> Political discussion about the cinema strikes me as *far*
> more important than debating the relative merits of Todd-AO
> or Super VistaVision or arguing about which aspect ratio
> "Miller's Crossing" is meant to be shown in.
and a bit later:
> I would respectfully assert that political discourse is *much* more legitimate
> on this list-serve than claims about which director is, or is not, overrated.
Setting aside for a moment whether or not I feel discussions of processes
and aspect ratios are important, I would agree with your point about the
importance of political discussion with the following caveat: partisan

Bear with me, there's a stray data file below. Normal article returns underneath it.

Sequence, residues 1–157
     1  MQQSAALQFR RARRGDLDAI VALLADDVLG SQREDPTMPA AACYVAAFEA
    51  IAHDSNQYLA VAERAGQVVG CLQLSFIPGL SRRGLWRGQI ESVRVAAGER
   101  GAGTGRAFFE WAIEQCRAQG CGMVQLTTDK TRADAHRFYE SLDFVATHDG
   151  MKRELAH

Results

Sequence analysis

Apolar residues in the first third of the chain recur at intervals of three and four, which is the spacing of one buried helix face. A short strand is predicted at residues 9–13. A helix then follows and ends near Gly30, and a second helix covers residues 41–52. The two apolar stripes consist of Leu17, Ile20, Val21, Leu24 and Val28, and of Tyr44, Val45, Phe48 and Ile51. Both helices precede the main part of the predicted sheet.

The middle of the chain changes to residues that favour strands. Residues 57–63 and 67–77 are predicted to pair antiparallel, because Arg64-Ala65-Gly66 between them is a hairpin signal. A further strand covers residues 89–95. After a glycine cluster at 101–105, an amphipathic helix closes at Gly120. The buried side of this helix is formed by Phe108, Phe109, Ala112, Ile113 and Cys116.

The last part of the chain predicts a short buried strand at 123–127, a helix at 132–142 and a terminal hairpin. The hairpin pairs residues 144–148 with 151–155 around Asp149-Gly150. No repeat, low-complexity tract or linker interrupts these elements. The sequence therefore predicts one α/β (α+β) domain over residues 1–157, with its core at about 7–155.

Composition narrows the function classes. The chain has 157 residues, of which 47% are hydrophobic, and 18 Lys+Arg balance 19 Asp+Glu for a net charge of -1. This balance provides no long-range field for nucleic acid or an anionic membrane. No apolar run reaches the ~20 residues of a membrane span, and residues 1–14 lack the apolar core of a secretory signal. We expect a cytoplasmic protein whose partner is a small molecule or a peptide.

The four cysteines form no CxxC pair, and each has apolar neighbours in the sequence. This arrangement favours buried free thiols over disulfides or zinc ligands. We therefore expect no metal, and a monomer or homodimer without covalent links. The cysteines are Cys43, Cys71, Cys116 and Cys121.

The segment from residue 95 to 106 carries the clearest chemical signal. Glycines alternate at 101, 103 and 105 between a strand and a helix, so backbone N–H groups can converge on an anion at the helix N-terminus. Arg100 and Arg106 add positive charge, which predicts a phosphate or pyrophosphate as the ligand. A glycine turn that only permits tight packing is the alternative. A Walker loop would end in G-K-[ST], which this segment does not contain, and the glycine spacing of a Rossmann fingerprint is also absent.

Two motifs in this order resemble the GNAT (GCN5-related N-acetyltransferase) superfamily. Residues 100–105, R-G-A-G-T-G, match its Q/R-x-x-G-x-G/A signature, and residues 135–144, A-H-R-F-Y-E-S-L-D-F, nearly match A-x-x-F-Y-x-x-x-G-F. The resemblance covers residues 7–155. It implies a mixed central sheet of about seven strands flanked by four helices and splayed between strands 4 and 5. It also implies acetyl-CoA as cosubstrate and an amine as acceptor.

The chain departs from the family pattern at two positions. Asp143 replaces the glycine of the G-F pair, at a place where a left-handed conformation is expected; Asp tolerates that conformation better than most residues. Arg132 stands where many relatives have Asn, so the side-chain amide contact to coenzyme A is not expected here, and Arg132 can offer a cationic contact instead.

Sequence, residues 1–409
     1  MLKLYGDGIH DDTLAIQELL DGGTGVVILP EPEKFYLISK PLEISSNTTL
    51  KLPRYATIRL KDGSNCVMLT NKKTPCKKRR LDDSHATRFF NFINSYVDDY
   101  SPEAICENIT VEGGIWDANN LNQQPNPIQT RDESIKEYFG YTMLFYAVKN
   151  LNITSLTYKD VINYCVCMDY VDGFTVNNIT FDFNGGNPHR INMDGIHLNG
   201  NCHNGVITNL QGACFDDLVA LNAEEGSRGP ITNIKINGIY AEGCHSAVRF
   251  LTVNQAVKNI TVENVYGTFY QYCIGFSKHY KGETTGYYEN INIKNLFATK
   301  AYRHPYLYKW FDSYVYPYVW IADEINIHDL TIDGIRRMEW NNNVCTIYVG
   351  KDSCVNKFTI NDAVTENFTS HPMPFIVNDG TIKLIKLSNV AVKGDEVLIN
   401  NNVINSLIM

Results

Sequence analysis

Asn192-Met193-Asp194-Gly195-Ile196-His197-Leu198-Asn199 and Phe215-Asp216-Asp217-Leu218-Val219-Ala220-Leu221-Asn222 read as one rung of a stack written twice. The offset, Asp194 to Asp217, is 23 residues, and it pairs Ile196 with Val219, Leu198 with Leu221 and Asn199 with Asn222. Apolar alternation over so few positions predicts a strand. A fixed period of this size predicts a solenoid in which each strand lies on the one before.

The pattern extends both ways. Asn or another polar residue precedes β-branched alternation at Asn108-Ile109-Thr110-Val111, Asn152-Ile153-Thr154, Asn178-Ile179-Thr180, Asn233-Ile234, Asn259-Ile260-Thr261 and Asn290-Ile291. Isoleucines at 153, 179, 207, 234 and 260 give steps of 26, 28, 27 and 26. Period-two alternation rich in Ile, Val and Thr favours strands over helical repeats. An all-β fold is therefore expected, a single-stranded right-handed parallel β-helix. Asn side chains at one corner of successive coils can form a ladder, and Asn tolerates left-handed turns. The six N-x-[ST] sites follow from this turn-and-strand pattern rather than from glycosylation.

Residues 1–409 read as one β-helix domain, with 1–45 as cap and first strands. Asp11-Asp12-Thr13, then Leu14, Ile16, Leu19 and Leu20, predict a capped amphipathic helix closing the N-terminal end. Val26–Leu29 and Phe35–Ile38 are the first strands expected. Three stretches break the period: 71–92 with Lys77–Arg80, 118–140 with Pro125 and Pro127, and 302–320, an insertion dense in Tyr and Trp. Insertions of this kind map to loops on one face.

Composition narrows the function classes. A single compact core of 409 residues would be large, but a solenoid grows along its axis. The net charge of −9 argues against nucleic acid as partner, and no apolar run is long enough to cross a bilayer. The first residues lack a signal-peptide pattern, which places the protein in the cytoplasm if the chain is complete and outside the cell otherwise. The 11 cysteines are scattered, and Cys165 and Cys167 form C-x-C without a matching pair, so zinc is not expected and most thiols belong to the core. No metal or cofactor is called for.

bickering is not included. No one is doubting the role of politics in film,
nor are they arguing that political discussions should be banned in their
entirety. I believe the call was merely for the discussion to remain
centered on cinema and not devolve into political nay-saying, a perfectly
valid request in my opinion.
Discourse about politics in cinema? Certainly. Political discourse? I
think that's another matter entirely.
In closing, Daniel lamented (I believe you lamented...):
> Eleni suggests Bergman's overrated (although I'm finding hardly anyone who'll
> actually defend his work anymore).
I'm surprised, as most that I know would gladly go to the mat for Bergman,
though I'm the only one donning the leotard for John Carpenter... ;-)
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